Tuesday, April 08, 2003














"I would say, 'I wouldn't dream of trying to drive anyone from this paradise.' I would do something quite different: I would try to show you that it's not a paradise- so that you'll leave of your own accord. I would say, 'You're welcome to this; just take a look about you.'"
-Ludwig Wittgenstein, "Lectures on the Foundations of Mathematics", ed. Cora Diamond (Sussex: Harvester Press, 1978), 103

2 comments:

ctaylor said...

A picture of potential bitterness and tragedy. Yet she does not look hopeless, as she carried her memories in her hand. Could it be that she knows that she is a pilgrim, looking for a country that is not yet revealed? Or has she simply accepted the bitterness of this life, and is resigned to a nomadic life, dictated by the destructive forces in this world? It's hard to read.

Btw, how did you stumble across that powerful quote, in such a seemingly obscure text?

Peace, bro. May our hearts continue to bleed for the lost of this world.

Khylov said...

Chris;
Hey dude. Yeah, I guess her expression you could interpret either way; it is kind of ambiguous, given the backdrop of the photo. But where she's at (Grozny, I think), what she's surrounded by, I don't think anyone can mistake what that is. Not place name or geography per se, but the reality of it... And that's what this world is, ultimately. Fallen.

I sometimes wonder if Americans will ever (in our own lifetimes at least) see this up close and personal, in our own backyards. Not much pretending when it's right there in front of you. But, satan's not dumb: he'll get folks to enter into his domain through war and strife just as easily as through something as innocuous as a predilection for a game of cards. Whatever works to distract them. (a'la Screwtape.)

Well, at any rate, the quote was from a book of essays dealing with Mormonism from (I guess) a more mainline Protestant angle. The context was (strangely enough) debating Mormonism's claim that the universe, all matter therein, etc, is eternal: Their angle was using infinite sets in mathematics to prove their point; whereas the Christian theologians' counterpoint were the philosophical and scientific reasoning behind why the universe had to have had a starting point.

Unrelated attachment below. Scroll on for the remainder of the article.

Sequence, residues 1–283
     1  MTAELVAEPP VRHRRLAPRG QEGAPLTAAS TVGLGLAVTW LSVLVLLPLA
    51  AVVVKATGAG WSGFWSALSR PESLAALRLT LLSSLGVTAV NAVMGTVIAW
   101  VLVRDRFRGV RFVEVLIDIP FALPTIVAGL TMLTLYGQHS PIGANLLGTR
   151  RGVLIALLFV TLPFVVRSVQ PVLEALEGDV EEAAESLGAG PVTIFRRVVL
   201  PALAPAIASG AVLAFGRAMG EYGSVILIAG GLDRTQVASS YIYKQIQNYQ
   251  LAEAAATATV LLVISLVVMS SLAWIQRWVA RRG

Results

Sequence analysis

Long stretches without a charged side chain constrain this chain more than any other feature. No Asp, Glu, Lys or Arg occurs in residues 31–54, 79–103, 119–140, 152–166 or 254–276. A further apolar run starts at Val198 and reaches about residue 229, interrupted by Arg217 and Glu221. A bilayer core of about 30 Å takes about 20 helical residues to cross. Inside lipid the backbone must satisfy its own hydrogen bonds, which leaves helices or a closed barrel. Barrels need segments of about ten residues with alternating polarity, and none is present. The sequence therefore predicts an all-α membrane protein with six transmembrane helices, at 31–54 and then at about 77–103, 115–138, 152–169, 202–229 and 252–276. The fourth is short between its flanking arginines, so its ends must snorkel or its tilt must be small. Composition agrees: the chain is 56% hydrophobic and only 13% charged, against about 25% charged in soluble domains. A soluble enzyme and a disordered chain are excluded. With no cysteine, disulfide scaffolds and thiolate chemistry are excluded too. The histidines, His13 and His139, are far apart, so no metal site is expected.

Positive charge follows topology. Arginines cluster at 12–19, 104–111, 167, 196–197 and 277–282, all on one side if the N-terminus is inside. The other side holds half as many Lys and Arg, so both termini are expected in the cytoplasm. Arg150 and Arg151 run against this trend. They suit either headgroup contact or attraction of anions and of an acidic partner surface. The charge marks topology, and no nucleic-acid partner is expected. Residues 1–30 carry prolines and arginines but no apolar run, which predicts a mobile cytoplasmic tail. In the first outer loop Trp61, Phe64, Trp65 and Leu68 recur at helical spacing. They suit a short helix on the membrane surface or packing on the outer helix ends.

I think the chapter ended with their concluding that while infinite set theory (and examples such as Hilbert's Hotel) are internally consistent within a mathematical context, they have absurd outcomes when placed within a finite linear time frame (i.e., our universe at the moment). Thus, an infinite set of moments or causes (an eternal material universe) would have an infinite number of moments preceding, which would have an infinite set of moments beforehand, and so on; which would mean that we would never have arrived at *this* moment, or at least no reason to conclude that we should have arrived in the here and now if we had an infinite linear progression of moments before, blah blah blah....

And hence, the quote.

It also makes things such as entropy somewhat hard to explain. If I understand correctly, an eternal universe violates both the 1st and 2nd Laws of Thermodynamics: Where did the energy come from if it was never created or had an Aleph Point? and why hasn't the universe reached maximum entropy yet if "all things tend towards chaos", assuming that the material universe has always been?

Blah, I think I burned my brain on that one.